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Orymus

Breaking into Game Design

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Most people don't seem to figure it out anymore, I might have lacked a lot of english immersion lately... I am canadian (french speaking) and work for the local ubisoft branch there, where, should I say, my english appears to be way over average. This does not seem to affect negatively my carreer attempts here, but as you state, it may become more of an issue as I attempt to move around. I try to compensate through constant practice, but it is hard in this area. Luckily enough, I have spanish to cope. And well, latin, if it *should* resort to that (for whatever strange reason? I suppose it would allow me some form of communication with languages using the same kind of grammar, such as German).

Also, I did NOT finish my university degree in history, and this, despite the very fact I was accepted-on-word for a masters degree. That was back when I didn't see the point in pursuing a program that didn't provide tangible job opportunities. "How wrong you were" I can hear you think, and I have to agree in restrospective, but I can no longer support this endaevour financially.

Yes, yes, now that you mention it, I'm starting to struggle with english, though I used to be a bit better. Normally, however, in official documents, I get a chance to revise long enough to make sense out of it, I suppose I haven't put quite the same effort in the structure of my sentences on forums, though I try to avoid typos as much as possible as it causes plain confusion to the reader.

Thanks for the links, once again, as you might have guessed, I'm an avid learner (it took me about 2-3 hours to read through your lessons) and though I can do good research, I'm always a bit iffy about the actual credibility of the articles I stumble upon. I have found several articles with fitting titles that turned out to be written by charlatans, frustrated people that had failed, etc, so I appreciate the guidance you have provided thus far, and I don't think you should mistake me insisting for lazyness as much as a search for credible answers (answers are easy to come by, good ones seem to be harder to find, and someone in my position is hardly able to judge of the worthiness of one such answer).

Thanks again, I'll read through these links!

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Ory wrote:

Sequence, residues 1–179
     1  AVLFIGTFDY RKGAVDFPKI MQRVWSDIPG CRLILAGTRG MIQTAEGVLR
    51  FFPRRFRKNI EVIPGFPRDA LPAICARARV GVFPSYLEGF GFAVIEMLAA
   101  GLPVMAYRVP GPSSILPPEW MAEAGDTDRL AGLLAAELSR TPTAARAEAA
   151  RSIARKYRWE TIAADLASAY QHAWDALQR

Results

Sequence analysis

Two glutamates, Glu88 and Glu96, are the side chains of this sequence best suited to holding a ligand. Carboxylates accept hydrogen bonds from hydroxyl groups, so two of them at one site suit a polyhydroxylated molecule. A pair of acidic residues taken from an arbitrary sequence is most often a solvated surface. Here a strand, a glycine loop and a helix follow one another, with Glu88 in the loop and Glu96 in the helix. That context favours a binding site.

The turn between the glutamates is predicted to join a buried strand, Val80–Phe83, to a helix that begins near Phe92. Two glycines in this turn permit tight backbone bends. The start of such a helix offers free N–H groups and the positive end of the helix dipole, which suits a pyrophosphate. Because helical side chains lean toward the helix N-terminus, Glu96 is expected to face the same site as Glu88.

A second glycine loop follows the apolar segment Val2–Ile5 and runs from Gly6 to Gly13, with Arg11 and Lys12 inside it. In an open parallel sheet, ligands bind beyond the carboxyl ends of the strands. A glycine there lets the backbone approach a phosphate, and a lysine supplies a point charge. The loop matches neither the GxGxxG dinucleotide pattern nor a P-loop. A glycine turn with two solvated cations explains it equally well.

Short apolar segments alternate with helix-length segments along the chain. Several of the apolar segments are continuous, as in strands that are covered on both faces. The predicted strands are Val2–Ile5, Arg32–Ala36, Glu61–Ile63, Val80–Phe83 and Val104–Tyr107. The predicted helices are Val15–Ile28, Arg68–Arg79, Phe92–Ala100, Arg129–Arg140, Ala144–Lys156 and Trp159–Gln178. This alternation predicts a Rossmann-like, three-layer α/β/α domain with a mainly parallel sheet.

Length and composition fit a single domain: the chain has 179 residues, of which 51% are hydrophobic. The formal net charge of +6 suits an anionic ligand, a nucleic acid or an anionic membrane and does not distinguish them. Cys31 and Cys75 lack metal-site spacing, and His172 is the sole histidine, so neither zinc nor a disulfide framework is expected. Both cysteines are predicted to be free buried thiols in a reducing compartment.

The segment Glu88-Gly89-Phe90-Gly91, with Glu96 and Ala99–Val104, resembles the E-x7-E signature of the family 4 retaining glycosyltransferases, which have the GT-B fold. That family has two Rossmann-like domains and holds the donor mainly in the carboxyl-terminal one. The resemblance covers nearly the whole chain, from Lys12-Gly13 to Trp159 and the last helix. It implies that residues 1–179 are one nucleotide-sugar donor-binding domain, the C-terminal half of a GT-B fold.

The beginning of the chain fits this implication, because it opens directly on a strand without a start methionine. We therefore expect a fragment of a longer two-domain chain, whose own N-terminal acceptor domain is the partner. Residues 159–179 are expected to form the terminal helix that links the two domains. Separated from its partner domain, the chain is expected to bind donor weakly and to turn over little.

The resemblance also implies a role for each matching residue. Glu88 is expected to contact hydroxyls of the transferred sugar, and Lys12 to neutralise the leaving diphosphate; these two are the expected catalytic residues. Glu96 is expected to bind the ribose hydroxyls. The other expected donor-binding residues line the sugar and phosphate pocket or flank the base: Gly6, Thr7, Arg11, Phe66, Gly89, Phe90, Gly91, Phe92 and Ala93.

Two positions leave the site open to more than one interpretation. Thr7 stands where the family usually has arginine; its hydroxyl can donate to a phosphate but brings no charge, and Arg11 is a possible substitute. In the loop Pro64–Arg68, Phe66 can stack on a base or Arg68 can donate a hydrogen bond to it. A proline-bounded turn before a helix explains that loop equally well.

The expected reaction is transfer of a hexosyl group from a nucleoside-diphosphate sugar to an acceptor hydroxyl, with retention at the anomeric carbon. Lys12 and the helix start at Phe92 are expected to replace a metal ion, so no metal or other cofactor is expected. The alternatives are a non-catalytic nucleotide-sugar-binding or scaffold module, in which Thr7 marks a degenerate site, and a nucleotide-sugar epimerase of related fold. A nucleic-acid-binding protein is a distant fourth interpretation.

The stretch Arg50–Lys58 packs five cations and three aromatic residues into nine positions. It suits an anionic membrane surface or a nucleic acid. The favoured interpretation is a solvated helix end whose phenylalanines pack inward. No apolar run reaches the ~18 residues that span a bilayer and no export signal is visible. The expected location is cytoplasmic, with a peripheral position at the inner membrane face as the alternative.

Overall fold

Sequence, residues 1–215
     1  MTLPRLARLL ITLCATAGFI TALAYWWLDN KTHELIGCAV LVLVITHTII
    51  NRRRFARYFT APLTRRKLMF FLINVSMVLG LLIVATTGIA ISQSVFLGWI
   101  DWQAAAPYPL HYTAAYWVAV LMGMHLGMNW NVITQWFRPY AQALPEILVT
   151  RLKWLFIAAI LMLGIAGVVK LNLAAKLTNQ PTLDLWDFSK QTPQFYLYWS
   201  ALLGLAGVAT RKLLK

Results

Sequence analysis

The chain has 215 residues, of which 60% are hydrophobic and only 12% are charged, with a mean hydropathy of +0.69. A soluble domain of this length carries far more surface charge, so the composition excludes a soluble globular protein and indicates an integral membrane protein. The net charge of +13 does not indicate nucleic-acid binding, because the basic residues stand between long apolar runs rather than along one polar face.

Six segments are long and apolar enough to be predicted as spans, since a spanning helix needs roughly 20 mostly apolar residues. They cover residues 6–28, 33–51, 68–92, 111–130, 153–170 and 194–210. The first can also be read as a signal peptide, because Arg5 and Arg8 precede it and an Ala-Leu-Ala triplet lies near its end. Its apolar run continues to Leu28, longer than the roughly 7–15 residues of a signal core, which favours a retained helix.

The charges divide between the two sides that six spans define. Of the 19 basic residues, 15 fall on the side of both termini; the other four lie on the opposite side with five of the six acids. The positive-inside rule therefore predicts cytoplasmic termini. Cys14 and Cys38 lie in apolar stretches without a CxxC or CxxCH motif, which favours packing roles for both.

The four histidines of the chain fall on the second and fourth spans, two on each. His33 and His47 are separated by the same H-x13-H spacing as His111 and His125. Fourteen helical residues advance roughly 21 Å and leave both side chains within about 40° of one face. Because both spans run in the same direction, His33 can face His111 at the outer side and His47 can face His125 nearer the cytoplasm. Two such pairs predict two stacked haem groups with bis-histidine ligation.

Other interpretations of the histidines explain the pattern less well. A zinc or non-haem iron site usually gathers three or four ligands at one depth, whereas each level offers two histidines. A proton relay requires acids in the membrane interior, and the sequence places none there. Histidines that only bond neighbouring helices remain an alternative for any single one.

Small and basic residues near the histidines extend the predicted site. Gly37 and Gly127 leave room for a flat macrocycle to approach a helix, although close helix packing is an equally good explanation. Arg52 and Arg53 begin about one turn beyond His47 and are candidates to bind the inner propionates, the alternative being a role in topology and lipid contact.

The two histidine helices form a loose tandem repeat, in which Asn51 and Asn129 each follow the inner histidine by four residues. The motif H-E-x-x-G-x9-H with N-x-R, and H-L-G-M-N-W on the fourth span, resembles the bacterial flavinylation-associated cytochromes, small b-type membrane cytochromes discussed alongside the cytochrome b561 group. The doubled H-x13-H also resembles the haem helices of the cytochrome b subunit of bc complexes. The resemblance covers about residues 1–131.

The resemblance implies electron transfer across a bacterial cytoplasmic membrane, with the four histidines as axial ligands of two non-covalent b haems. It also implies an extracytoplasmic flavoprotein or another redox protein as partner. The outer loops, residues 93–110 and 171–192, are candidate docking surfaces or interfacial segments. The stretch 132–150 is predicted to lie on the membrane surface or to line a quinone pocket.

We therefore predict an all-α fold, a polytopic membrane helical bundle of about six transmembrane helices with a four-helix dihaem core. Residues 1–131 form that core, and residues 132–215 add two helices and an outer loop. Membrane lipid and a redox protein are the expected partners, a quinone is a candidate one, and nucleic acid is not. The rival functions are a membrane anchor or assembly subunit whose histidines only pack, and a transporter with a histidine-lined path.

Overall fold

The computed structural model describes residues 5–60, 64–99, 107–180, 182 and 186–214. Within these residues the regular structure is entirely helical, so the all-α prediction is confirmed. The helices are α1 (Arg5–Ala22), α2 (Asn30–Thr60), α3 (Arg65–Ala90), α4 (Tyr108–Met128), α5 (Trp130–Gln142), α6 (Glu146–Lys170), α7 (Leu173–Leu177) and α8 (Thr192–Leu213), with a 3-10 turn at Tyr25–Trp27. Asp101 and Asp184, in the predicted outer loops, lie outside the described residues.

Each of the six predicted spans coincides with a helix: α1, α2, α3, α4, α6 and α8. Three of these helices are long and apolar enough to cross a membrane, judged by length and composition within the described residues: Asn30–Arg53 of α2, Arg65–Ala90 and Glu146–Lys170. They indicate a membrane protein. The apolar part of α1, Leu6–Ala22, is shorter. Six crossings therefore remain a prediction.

>Most people don't seem to figure it out anymore

Figure what out? I'm confused.

>I am canadian (french speaking) and work for the local ubisoft branch

You might know Benoit Lelièvre?
He too is French-Canadian, and recently asked a question about writing for games. http://www.igda.org/forum/seeking-feedback-work-job-hunting-purpose

>I did NOT finish my university degree in history

Ah. That was not clear from your previous posts. Well, you haven't stated a new question, so I have nothing more to add just now.

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In the light of what I have just read,
is 4 X 1 year diploma better than 1 X 4 years diploma?
I have heard a game designer claim (creators of emotions' ubisoft website) that it was better for a game designer to present a dozen minors than a major. Is it true? To what extent?
I am a bit unsure about this...
On one end, it feels like taking 4 small projects instead a big one (which is a nice way to start in the actual industry) but it also seems like displaying the inability to go deeper into one project (which obviously makes one fail).

Edit:
Interlude, a brief geography pointless pause.
I do not know a Benoit Lelievre, but from reading his post, I understand he resides in Montreal, which is a 3 hours drive. If I were to broaden my horizons in the near future (as it could happen quite naturally) there is a chance I might actually get to meet him: Montreal, by most locals, is considered (at fault?) the center of the universe when it comes to making games. I think they are mostly happy that a canadian city has earned so much importance in the market. It feels like a really great place to improve networking, especially with the recent events it seems to bring about.

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Original post by Orymus
Basically, let's just say I have found knowledge through an alternate path. ...

But how is it perceived by people from the industry when they are presented with such a curriculum?

Many companies (not all) require a degree - especially larger companies who get a large number of applicants and use it as a way to filter out applicants. No degree will mean your application goes in the trash can on the first pass. Not having a degree will limit your employment possibilities and when applying for companies that don't require a degree you may still lose out to those applicants who do have a degree.

The problem with your self-learned knowledge is that you have no way to prove it to an employer. A degree is a qualification issued by a competent, registered authority attesting your successful completion of a course programme. A employer will take that as an indication that you have done the necessary work. If you don't have a degree then you don't have a way to prove to an employer that you have this knowledge (you can't just sit in the interview and recite everything you ever learned).

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Then again, I've sat at my history classes, and I'm a big nerd, I was scoring high, one of the best out of 200. I haven't completed the degree because I failed to see the use for my carreer, but the truth is my competence in that field was at least over average. I can still safely assume I know more about history than 175 students of that wave. I've seen people just "pass by" with mediocre scores, but they will get a degree. I find it odd that they should be hired and not me, but then again, I don't suppose they would get passed the interview with their lack of seriousness, and if I was lucky enough to get an interview, I would have more chances.